As Kereke signed the agreement on behalf of the applicant, he being an accomplished banker, he knew the import of that provision and it bound the applicant to the agreement and nothing else. Tamayi vehemently denied that the application form to PTA Bank relied upon by the applicant is a binding contract between the applicant and the PTA Bank as it makes it clear that the PTA Bank was not making any undertaking to legally bind itself to lend on the terms set out therein and that any agreement reached would be subject to the written approval of the PTA Bank.
In any event, Tamayi argued, the document applicant relies on, makes it clear that it is governed by the laws of England. In addition, the applicant and sureties provided security to Capital Bank in the form of mortgage bonds, notarial bonds and unlimited guarantees. These securities were not given in favour of the PTA Bank. Significantly, the applicant made loan payments amounting to US$ 634 794-95 to Capital Bank and not the PTA Bank. According to Capital Bank the application is designed to delay the finalisation of the action and nothing else. It accessed funds from the PTA Bank by a separate arrangement and lent the funds to its clients including the applicant which explains why its predecessor made reference to the “PTA Bank credit facility” in correspondence.
The second application, HC 3114/13, is made in terms of Order 6 r 44 for edictal citation. The applicant insists that this court has jurisdiction over the matter because:
“8.1. the court has already assumed jurisdiction in respect of the claim in convention, in which rectification has been pleaded, and
8.2. the rectification necessarily requires that the PTA Bank be a party in the counter claim, and
8.3. the PTA Bank is the principal lender, and
8.4 the PTA Bank’s loan to the applicant constitutes sufficient assets to found jurisdiction in addition to the fact that it has other numerous assets in Zimbabwe.”
The issues for determination in this matter are whether this is a proper case in which the PTA Bank should be joined as a party to the proceedings and whether this court does have jurisdiction over the PTA Bank and the agreement, if any which was entered into between the applicant and the PTA Bank, which is an entity cherishing its domicile in Burundi.
Mr Uriri for the applicant submitted that the applicant seeks third party joinder in respect of the claim in reconvention which it has already filed and in which it has gone on to cite the PTA Bank as a defendant. For that reason the PTA Bank is already in court and it would be undesirable to have it as a party in reconvention and not a party in convention. He conceded that a joinder is discretionary on the court.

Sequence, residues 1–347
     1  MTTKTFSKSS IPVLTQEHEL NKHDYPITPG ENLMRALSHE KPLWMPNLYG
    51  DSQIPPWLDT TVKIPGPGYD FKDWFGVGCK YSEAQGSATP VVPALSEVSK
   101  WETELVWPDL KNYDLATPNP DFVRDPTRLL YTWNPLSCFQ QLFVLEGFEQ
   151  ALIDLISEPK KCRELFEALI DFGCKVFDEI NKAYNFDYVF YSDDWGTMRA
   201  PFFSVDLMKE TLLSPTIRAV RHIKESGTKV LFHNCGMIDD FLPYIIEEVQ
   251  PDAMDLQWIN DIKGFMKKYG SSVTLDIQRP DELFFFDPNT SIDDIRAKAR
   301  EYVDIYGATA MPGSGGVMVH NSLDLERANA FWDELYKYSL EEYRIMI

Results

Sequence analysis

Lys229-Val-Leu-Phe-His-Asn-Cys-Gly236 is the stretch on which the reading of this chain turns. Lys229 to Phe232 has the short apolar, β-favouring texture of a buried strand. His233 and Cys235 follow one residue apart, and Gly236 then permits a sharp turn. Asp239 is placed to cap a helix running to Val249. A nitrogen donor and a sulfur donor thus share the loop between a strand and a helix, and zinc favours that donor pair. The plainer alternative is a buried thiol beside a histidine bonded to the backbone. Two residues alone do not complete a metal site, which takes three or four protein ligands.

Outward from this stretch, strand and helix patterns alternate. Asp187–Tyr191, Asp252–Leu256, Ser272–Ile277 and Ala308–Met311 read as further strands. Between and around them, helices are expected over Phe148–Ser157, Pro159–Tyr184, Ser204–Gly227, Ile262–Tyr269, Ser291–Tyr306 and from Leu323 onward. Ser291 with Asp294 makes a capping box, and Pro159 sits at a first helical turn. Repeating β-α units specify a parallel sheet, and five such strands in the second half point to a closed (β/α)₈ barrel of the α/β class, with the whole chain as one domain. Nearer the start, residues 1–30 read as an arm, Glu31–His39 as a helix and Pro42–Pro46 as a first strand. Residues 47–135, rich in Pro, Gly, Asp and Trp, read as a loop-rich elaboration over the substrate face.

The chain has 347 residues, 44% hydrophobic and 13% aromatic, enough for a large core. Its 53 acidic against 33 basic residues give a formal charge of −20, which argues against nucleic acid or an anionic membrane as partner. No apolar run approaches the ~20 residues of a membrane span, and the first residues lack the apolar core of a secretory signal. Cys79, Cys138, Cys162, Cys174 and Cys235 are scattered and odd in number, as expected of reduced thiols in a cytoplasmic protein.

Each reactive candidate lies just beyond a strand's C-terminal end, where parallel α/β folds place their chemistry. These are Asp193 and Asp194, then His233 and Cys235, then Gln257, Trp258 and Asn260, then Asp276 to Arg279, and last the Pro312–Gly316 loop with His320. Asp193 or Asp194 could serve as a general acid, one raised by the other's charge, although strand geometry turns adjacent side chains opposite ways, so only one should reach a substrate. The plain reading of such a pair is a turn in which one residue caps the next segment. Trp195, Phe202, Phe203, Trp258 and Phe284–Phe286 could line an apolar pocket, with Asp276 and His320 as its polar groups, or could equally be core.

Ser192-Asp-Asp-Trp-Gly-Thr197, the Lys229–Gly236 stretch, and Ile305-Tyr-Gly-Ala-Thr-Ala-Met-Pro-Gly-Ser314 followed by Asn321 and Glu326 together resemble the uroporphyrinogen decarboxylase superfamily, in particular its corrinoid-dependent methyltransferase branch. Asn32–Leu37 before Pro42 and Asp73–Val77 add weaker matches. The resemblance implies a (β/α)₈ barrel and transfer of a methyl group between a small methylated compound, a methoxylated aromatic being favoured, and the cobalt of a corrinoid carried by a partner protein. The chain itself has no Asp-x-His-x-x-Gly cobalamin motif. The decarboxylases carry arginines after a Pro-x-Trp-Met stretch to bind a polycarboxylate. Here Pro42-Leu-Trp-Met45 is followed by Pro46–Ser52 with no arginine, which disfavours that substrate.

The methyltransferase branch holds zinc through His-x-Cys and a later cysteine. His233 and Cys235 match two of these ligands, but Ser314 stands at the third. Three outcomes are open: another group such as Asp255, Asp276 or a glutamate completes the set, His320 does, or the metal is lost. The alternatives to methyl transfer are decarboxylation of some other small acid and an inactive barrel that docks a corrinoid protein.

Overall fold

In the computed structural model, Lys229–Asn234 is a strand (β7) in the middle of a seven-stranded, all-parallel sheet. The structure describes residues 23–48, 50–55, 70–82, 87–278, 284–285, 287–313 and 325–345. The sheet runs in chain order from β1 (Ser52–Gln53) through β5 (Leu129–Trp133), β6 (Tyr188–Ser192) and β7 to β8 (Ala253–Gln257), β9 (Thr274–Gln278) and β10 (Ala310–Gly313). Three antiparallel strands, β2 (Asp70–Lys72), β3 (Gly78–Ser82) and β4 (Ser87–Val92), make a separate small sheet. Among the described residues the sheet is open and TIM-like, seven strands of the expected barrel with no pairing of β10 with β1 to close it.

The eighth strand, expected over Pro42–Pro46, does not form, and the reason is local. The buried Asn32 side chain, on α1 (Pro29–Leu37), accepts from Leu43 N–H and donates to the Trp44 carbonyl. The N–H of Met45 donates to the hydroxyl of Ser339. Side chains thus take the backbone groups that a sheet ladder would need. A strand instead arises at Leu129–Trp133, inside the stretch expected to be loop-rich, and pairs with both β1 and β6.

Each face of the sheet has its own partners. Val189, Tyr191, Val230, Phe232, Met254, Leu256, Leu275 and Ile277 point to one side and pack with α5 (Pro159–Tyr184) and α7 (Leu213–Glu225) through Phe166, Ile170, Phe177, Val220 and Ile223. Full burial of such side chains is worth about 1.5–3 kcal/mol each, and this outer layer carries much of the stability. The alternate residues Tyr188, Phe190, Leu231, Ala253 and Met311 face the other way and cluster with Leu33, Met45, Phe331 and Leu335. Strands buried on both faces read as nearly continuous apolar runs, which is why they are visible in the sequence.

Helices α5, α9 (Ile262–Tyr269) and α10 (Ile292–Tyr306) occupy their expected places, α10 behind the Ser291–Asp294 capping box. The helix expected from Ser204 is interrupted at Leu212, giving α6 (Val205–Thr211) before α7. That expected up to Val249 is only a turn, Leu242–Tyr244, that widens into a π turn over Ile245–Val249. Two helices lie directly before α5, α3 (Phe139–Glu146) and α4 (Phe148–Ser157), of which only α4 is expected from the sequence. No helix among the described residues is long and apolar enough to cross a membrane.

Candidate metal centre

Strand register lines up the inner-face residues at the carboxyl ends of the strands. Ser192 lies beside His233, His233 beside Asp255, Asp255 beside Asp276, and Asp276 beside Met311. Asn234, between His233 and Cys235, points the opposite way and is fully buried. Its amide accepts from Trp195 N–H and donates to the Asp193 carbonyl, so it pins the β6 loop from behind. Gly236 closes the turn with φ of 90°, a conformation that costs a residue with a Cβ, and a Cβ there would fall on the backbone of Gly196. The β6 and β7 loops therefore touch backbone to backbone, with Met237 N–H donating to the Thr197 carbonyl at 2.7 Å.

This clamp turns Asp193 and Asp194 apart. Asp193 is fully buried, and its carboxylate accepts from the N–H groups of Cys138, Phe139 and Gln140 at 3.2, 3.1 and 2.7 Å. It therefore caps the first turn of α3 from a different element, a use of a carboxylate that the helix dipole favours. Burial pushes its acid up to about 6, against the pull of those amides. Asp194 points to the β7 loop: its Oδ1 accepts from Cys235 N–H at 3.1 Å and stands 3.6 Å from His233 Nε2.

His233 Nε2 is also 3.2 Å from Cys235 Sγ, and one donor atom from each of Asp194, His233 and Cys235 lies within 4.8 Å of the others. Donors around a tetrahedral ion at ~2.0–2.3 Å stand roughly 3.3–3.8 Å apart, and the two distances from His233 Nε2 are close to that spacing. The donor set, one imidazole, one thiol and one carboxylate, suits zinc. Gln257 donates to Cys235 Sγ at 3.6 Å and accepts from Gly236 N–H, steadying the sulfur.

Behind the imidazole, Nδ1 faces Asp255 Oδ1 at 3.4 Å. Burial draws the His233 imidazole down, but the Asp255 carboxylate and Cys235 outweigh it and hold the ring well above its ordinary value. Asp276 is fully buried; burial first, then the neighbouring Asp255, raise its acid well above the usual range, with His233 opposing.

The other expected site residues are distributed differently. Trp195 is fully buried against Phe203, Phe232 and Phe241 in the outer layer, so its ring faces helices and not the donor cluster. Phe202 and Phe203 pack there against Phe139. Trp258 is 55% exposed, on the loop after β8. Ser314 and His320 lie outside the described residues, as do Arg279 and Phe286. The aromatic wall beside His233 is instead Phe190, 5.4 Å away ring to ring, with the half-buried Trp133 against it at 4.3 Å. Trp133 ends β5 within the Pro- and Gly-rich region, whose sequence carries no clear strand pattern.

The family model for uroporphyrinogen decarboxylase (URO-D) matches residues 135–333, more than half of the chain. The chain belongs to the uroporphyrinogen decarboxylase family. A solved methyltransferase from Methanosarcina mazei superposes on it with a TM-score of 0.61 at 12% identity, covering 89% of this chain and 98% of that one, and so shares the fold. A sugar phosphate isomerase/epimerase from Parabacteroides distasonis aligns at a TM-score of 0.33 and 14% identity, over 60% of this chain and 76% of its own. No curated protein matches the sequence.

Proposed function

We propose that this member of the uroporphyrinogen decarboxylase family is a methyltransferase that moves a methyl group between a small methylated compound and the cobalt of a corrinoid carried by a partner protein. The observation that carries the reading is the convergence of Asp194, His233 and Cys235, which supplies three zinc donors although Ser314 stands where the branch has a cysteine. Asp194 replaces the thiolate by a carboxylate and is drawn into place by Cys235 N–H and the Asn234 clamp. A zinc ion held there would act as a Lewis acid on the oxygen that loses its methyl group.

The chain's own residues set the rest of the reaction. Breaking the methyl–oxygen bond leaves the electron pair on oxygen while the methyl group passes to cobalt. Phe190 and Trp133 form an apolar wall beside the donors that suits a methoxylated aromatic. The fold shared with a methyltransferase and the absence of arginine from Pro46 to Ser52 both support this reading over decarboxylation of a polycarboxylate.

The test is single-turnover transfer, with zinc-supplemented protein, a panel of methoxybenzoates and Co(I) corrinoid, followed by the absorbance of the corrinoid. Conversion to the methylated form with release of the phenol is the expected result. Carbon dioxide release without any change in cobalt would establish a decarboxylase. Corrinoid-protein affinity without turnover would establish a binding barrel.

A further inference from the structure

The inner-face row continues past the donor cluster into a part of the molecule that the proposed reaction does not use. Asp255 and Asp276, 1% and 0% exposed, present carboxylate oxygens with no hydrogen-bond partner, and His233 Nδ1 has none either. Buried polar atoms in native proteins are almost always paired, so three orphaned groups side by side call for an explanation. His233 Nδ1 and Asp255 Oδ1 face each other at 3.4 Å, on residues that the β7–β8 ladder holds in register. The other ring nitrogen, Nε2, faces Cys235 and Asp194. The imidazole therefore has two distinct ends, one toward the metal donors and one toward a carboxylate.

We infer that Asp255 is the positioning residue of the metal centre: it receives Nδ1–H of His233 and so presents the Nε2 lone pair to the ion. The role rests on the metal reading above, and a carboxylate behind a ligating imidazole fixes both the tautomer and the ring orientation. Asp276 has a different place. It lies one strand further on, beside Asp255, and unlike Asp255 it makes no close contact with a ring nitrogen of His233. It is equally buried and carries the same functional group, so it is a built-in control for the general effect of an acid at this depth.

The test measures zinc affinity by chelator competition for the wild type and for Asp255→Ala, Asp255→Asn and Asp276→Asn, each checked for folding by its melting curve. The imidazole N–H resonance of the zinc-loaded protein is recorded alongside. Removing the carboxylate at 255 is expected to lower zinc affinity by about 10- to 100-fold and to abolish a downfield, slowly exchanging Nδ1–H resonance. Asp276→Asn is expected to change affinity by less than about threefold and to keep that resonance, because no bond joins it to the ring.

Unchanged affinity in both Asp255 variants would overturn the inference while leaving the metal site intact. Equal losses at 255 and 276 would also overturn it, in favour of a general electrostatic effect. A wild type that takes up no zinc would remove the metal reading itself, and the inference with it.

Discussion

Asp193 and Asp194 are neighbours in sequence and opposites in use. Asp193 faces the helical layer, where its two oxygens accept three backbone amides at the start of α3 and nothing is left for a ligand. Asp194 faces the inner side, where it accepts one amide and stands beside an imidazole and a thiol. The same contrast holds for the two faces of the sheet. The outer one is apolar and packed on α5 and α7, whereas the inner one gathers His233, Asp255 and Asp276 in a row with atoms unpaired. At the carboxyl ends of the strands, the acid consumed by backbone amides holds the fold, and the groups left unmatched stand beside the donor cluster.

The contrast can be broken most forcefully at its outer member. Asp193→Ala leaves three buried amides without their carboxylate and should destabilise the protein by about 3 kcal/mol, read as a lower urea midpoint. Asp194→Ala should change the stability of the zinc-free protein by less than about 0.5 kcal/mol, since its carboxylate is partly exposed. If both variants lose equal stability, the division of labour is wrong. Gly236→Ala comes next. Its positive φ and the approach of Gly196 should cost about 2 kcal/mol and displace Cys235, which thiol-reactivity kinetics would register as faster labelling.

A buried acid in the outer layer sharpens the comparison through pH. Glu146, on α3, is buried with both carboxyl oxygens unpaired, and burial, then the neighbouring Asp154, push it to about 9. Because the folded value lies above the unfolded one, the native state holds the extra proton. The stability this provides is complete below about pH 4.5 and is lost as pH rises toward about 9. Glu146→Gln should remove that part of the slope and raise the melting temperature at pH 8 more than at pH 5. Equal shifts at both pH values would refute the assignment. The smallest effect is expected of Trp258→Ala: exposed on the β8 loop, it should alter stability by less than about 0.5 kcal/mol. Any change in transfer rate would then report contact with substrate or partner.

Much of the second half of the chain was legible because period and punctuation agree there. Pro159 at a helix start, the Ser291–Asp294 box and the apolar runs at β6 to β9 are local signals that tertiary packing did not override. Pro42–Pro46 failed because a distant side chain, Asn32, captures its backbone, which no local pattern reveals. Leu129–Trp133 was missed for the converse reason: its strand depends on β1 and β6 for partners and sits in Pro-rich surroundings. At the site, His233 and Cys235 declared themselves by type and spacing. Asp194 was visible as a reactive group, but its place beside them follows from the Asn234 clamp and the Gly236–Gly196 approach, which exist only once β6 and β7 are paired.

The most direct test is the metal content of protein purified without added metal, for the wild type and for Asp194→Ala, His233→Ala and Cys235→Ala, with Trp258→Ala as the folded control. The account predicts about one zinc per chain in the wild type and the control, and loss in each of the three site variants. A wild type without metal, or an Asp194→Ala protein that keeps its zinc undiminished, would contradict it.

I take the view that in order for the court to exercise its discretion in favour of the applicant, it must be satisfied, not only in the procedure adopted but also on the question of jurisdiction. It would be pointless to join a party to the proceedings when the court enjoys no jurisdiction over that party. In fact, even the grant of leave for edictal citation is predicated upon the existence of jurisdiction. In terms of r 44 (3) of the High Court of Zimbabwe Rules, 1971:
“Application for leave of the court or of a judge shall be made by application in terms of Order 32 setting out concisely –
(a) the facts upon which the cause of action is based;
(b) the grounds upon which the court has jurisdiction to entertain the claim;
(c) the manner of service which the court or judge is asked to authorise, and if personal service cannot be effected the last-known whereabouts of the person to be served and the inquiries made to ascertain his present whereabouts.”
Mr Uriri submitted that while the PTA Bank is a foreign entity domiciled in Bujumbura Burundi, it has valuable property within this jurisdiction which can found or confirm jurisdiction. In addition, the debt which is the subject of the litigation is itself sufficient to found jurisdiction. The court having already assumed jurisdiction in the main lis, it should do so in respect of the counter claim. I have serious difficulties with that argument.
I stand by the pronouncement that I made in Wong & Ors v Tsoi & Anor HH 380/13 (as yet unreported) where at p 5 of the cyclostyled judgment, I stated:
“The first respondent was therefore proceeding rough shod against all procedures set out in the rules, disregarding the rules and the law in razzmatazz fashion. I say so because our civil practice and procedure is clear that a person domiciled and resident in a foreign country cannot be sued in this court as it does not have jurisdiction over that person. For that reason there is need for an attachment ad fundandam jurisdictionem of that person or his property in order to make him amenable to the jurisdiction of the court. Such person or his property can only be attached while he or it is within the jurisdiction of the court and only after an attachment order has been issued by the court. It is important to point out that the attachment order should be issued by the court before the summons is issued against that person.”
The point is also made by the authors of The Civil Practice of the Superior Courts of South Africa, Herbstein and Van Winsen, 3rd ed (1979) at pp 788-789 that where an in cola wishes to sue a peregrinus and none of the usual grounds upon which the court might have jurisdiction is present, attachment is a condition precedent to the action for it is upon the attachment that the court’s jurisdiction is founded.